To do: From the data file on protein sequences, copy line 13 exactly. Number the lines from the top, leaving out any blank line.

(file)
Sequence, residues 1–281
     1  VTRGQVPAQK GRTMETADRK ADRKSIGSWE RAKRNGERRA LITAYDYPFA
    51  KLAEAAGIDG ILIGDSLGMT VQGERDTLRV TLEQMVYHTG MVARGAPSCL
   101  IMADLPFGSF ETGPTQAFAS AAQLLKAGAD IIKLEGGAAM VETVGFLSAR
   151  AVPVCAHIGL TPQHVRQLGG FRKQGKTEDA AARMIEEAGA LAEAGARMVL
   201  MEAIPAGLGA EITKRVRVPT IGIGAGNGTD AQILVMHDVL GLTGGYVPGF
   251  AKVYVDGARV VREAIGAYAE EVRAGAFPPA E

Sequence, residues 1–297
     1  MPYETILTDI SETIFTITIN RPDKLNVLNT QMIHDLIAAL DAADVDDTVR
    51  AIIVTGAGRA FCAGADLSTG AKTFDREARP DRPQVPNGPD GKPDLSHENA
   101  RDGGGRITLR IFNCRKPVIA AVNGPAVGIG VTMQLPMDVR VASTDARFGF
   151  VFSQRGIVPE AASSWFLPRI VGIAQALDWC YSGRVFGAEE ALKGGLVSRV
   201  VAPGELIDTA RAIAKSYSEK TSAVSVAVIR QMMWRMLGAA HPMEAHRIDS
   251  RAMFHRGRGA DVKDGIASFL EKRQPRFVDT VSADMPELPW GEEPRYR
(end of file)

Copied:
   201  VAPGELIDTA RAIAKSYSEK TSAVSVAVIR QMMWRMLGAA HPMEAHRIDS